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22 September 2014

Colin Clive

British actor Colin Clive (1900-1937) was the original Dr. Frankenstein. He made film history with his scream "It's Alive! It's Alive!" after his success at animating the Monster in Frankenstein (James Whale, 1931).

Colin Clive
British postcard in the Picturegoer Series, no. 482, by Long Acre, London.

James Whale


Colin Clive was born in Saint-Malo, Ille-et-Vilaine, in 1900. He was the son of an English colonel on assignment in France at the time of Colin's birth.

Clive was a direct descendant of Baron Robert Clive, founder of the British Indian Empire. In 1935 he would appear in a featured role in Clive of India, a film biography of his relative.

He attended Royal Military Academy Sandhurst. A knee injury disqualified him from military service and contributed to his becoming a stage actor. One of his stage roles was Steve Baker, the white husband of racially mixed Julie LaVerne, in the first London production of Show Boat. This production also featured Sir Cedric Hardwicke, and Paul Robeson.

He then replaced Laurence Olivier as the lead in the R.C. Sherriff play Journey's End (1928). The success of Journey's End gave director James Whale the break to move to Broadway and to direct what would be the first British-American co-produced sound film, the film version of Journey's End (James Whale, 1930).

Whale got Colin Clive back as the laconic, alcoholic Captain Stanhope and Clive showed a measured intensity to his character, bolstered by his unique cracked baritone voice - seemingly always on the edge of irritation. This led to opportunities and he spent the rest of his career hopscotching between England and America, his most significant films emanating from Hollywood.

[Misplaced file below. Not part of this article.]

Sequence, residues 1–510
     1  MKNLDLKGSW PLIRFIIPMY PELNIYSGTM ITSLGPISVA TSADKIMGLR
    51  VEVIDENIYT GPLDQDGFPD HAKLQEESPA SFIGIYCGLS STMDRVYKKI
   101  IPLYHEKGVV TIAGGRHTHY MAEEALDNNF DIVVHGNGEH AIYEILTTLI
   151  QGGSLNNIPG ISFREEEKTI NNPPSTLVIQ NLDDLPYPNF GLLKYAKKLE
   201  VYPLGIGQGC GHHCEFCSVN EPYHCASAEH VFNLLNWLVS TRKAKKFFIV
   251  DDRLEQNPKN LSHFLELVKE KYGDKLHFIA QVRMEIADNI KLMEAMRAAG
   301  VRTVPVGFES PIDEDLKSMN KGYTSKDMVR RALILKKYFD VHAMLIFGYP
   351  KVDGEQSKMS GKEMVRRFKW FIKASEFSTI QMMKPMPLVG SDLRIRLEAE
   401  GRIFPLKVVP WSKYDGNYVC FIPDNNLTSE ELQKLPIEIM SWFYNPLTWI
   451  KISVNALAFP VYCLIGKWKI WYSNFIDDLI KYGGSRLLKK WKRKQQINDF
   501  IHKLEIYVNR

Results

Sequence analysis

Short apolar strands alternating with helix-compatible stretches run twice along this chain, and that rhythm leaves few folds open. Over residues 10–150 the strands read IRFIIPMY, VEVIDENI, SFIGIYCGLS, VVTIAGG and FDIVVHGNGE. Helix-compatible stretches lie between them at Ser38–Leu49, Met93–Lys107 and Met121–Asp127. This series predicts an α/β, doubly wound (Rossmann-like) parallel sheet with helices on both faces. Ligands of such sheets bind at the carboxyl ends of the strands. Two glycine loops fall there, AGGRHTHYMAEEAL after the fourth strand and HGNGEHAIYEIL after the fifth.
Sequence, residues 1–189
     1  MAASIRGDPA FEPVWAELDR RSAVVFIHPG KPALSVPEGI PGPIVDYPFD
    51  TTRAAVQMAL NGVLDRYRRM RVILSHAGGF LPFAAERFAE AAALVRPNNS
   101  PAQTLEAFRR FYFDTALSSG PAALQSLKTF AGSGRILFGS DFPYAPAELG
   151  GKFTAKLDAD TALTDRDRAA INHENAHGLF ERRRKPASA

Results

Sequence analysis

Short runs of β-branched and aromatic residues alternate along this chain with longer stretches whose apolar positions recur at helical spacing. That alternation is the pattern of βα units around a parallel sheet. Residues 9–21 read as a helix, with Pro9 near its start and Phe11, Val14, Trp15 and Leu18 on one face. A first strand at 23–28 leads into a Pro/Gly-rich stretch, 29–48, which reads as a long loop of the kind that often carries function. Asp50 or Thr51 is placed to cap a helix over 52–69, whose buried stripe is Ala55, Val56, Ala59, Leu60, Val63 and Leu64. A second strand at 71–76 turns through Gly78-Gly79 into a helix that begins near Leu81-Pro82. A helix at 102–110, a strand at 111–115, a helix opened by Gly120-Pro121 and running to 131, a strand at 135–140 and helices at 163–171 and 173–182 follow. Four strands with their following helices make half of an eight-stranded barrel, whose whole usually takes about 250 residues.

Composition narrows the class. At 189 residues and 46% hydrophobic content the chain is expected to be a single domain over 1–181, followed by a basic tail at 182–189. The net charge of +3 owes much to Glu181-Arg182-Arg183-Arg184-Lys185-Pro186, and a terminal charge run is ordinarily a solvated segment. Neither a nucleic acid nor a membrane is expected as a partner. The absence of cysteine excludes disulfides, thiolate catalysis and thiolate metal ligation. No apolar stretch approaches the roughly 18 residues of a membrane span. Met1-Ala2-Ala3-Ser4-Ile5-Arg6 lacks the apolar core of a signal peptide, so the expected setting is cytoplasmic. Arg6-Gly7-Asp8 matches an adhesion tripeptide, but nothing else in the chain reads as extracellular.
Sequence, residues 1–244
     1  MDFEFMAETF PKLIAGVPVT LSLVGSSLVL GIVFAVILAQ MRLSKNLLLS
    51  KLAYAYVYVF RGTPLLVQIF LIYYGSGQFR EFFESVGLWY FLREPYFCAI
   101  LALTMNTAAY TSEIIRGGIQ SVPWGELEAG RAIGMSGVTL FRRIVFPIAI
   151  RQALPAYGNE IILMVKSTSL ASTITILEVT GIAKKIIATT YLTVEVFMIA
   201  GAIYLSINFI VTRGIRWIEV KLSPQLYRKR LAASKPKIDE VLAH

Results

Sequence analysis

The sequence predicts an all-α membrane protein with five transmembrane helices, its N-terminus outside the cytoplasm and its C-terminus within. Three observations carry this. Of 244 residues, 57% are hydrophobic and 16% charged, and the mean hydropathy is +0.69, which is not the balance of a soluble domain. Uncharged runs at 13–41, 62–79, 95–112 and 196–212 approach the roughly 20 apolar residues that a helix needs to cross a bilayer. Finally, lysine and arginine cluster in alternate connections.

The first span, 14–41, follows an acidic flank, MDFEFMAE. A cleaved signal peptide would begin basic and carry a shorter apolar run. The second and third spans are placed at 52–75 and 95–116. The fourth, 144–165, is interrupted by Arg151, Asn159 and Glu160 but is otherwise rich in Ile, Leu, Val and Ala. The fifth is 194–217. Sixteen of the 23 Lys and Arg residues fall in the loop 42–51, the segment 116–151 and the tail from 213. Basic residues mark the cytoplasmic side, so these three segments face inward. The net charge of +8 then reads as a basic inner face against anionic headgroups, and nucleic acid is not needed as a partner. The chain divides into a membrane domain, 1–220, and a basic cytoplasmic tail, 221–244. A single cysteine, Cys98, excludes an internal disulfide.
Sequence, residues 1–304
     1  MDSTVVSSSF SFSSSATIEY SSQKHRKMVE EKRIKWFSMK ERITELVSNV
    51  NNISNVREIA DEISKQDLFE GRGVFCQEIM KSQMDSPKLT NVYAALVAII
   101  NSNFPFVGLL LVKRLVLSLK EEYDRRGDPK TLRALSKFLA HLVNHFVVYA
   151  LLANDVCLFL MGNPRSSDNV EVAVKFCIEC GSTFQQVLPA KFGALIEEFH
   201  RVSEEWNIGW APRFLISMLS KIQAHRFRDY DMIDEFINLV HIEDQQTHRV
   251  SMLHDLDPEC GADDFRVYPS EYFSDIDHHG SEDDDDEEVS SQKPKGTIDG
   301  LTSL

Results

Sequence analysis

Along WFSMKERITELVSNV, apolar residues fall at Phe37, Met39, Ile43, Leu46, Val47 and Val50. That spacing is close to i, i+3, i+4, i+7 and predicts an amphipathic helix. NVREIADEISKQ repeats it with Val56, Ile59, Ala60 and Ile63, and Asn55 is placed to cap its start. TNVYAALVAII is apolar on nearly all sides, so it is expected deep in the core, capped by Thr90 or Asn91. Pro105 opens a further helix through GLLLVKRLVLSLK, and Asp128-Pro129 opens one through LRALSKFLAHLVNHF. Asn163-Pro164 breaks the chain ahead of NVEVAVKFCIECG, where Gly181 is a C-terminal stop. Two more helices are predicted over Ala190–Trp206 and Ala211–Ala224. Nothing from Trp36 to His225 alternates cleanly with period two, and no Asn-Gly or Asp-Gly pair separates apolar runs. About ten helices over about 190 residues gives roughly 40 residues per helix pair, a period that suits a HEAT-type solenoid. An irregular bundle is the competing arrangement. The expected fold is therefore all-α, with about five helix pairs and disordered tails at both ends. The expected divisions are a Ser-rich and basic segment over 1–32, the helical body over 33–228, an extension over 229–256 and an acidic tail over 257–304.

Colin Clive and Katharine Hepburn in Christopher Strong
British postcard in the Filmshots series by British Weekly. Photo: Radio. Publicity still for Christopher Strong (Dorothy Arzner, 1933) with Katharine Hepburn.

Colin Clive and Katharine Hepburn in Christopher Strong
British postcard in the Filmshots series by British Weekly. Photo: Radio. Publicity still for Christopher Strong (Dorothy Arzner, 1933) with Katharine Hepburn.

Dr. Henry Frankenstein


James Whale was contracted by Universal for a follow up of the huge hit Dracula (Tod Browning, 1931), an adaptation of Mary Shelley's Frankenstein. He wanted Colin Clive as Dr. Henry Frankenstein, and it all came together.

As Hal Erickson states at AllMovie: "Clive has earned a niche in cinematic valhalla for his feverish, driven performance as Dr. Frankenstein". Although Clive would make only three horror films - the others were Mad Love (Karl Freund, 1935) and Bride of Frankenstein (James Whale, 1935) - he is now widely regarded as one of the essential stars of the genre.

The following few years Clive played both B leading and A supporting roles such as the married title character in Christopher Strong (Dorothy Arzner, 1933) who falls for aviator Katherine Hepburn, the brutal husband of Diana Wynyard in One More River (James Whale, 1934), Edward Rochester in Jane Eyre (Christy Cabanne, 1934), and a British officer in Clive of India (Richard Boleslawski, 1935) in which Ronald Colman played his illustrious ancestor.

Then Clive returned to Universal for Bride of Frankenstein (James Whale, 1935) with Valerie Hobson in which his Dr. Henry was somewhat more subdued. This was mostly to do with a broken leg suffered from a horseback riding accident.

He followed Bride with Mad Love (Karl Freund, 1935), a chilling reinterpretation of The Hands of Orlac. In the remainder of his films he played disturbed supporting characters.

Privately, Clive suffered from tuberculosis, which was furthered along by severe alcoholism. His last film was The Woman I Love (Anatole Litvak, 1937) starring Miriam Hopkins.

In 1937, he died from complications of tuberculosis in Los Angeles, at age 37. From 1929 until his death, Colin Clive was married to actress Jeanne de Casalis. There has been speculation that de Casalis was a lesbian and Clive either gay or bisexual, and their marriage was one of convenience. However, producer David Lewis, the long-time companion of James Whale, flatly stated that Clive was not gay.

Scene from Frankenstein (James Whale, 1931). Source: pzmyers (YouTube).

Trailer of Bride of Frankenstein (James Whale, 1935). Source: IMACACI2 (YouTube).

Source: Hal Erickson (AllMovie), William McPeak (IMDb), Wikipedia and IMDb.

1 comment:

Elizabeth said...

Colin Clive's leg injuries during BRIDE OF FRANKENSTEIN came from an accident at his home, when he tore the ligiments in both knees. The horseback accident happened in England in December of 1931. He was at his home in Kent, when he tried to jump a stone wall. He was thrown and fractured his hip.